A newsletter hit my inbox a few days ago. The subject line? Why you’ve already failed at publishing. I looked at it, checked to be sure if I’ve read it correctly (I had!), blinked a couple of times, and thought “well that was a choice for a headline.” And then I got mad.

There are a great many ways you can go about publishing, different approaches, different methods. There are all sorts of people who want you to drop several hundred dollars (or more) on their course which will teach you all the secrets, tips, and tricks you’ll ever need to know, not to mention all the fancy programs and gadgets and whatsits. Was this some kind of backhanded inspirational message that this particular newsletter wanted to impart? Oh hell no.

I can only imagine the broken hearts, the tears, or at the very least the bad feelings, all of those “not good enough”s that bubble up during the darkest hours of writing, that this newsletter left behind. And that’s what made me mad. This business is difficult enough. Who was this person who dared tell her thousands of newsletter subscribers that they were already failing? How rude! How not helpful! I got serious “mean girls” vibes from that and I almost unsubscribed. Certainly that subject line made me lose the last few grains of salt with which I took this person’s advice. Because let’s be honest here. You can’t be all about finding wellness and writing and getting away from burnout and still tell people they failed! The two things…an image of failure and wellness… they don’t live in the same universe.

There are millions of people who say they want to write a book “some day”. Of those millions of people a significantly fewer amount will actually start. If you’ve started a book–you haven’t failed! If you’ve found something more fulfilling to do with your life than write a book–you haven’t failed!

Even fewer will finish. If you haven’t finished your book yet? You haven’t failed. If you’ve finished. You haven’t failed. Sense a theme here?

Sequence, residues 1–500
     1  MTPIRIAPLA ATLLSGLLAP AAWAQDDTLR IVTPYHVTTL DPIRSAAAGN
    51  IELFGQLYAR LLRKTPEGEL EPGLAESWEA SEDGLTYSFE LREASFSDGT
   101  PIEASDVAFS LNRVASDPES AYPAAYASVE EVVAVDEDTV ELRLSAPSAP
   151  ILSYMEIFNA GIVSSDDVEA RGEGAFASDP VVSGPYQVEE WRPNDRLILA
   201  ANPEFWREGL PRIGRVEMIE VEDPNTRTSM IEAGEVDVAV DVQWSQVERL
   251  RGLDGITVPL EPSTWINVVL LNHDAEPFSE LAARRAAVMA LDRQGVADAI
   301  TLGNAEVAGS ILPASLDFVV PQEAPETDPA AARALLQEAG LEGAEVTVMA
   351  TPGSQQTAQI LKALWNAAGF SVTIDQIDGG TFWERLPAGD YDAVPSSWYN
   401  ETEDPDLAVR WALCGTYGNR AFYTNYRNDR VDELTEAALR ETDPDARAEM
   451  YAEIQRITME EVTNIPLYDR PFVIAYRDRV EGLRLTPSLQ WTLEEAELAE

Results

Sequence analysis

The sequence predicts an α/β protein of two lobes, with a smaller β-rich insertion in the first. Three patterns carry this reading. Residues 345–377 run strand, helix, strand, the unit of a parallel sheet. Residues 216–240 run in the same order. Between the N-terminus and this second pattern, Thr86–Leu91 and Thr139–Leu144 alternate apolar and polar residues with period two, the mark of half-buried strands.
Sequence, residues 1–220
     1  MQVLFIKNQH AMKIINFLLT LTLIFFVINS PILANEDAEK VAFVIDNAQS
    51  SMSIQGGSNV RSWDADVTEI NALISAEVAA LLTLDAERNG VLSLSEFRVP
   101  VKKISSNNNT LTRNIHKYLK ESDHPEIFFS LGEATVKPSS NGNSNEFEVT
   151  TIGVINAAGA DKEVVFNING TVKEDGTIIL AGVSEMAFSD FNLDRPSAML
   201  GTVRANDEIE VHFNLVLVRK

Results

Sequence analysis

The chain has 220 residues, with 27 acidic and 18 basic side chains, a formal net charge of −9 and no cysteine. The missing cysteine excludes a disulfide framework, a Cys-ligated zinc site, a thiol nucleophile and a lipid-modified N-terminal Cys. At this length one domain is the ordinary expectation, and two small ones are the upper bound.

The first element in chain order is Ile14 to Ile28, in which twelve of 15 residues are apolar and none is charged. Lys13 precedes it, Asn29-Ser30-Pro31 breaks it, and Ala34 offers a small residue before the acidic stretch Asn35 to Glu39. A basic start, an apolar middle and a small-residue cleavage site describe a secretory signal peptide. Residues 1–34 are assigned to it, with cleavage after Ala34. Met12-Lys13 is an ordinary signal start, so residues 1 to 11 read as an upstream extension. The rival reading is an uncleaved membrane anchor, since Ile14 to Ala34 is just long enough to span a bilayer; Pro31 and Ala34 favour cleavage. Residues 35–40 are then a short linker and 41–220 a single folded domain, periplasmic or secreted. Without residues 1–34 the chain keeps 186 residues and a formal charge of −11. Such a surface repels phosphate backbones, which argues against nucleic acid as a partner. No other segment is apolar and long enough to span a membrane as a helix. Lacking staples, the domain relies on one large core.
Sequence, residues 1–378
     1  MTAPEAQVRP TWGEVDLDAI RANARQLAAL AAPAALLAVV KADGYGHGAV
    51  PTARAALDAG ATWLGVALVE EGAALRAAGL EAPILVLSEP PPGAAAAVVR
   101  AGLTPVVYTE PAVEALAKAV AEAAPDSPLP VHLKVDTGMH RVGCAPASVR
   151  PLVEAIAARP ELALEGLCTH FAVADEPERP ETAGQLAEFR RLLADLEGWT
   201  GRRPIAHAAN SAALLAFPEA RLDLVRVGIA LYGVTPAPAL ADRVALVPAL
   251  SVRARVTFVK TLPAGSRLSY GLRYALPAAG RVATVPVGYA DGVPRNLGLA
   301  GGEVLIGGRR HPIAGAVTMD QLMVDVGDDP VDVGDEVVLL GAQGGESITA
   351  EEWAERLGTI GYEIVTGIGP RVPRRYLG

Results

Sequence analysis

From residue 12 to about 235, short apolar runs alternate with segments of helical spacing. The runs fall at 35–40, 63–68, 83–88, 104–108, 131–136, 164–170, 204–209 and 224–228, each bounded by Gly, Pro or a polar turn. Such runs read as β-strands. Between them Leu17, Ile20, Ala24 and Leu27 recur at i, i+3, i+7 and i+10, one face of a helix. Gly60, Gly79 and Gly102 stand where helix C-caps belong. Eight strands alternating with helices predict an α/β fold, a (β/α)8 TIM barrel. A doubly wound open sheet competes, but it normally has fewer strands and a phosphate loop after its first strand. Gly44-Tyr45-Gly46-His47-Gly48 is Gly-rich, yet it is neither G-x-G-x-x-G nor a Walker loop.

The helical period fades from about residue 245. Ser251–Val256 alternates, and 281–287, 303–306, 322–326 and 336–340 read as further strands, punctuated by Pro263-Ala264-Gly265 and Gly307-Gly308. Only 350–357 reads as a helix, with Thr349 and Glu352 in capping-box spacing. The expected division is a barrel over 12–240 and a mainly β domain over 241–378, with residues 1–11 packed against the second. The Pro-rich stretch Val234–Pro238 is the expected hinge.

You can self-publish on a shoestring so thin you couldn’t even deep fry it and have a shoestring potato. You can spend elaborate amounts of money, more than I’ve ever spent certainly, on fancy book covers and the things you need to publish a book. You could even pay one of those predatory companies to publish your book for you. (Please remember money flows TOWARD the author, except when paying normal, ordinary business expenses.) You could submit to every agent on the planet and every publisher who accepts non-agented submissions. No matter which way you choose to do this–say it with me now–you have not failed!

No, what this person was doing was selling the same old capitalist bullshit that’s sent so many authors to stress, frustration, and burnout. Do these types of approaches work for some people? Sure they do. Do some people enjoy them? Yeah, I imagine so. We’re all different, after all. But this comes from the very same place that tells you that your book is a product, like the box of cat litter I just put in my curbside grocery pickup order. And we could debate the merits of cat litter brands (I have a lot of thoughts), just as we could different books, writing styles, genres, etc. But there’s one big difference between that box of cat litter and a book (besides the fact that my cats can’t use the book for their toilet, especially if it’s a digital one!). The cat litter is mass produced on an assembly line somewhere, the book is not.

Before I go off on a tangent about books as products and capitalist publishing paradigms, let’s return to the topic at hand–failure in publishing. Do we not reach our goals? Yeah. Do books not do as well as expected? Sadly, yes. But none of that, nor will a lack of a business plan, or lack of a marketing plan, none of that equates to failure in this business. And anyone who tells you that, well let’s just say I hold that box of cat litter in higher esteem. At least the cat litter is serving a useful purpose.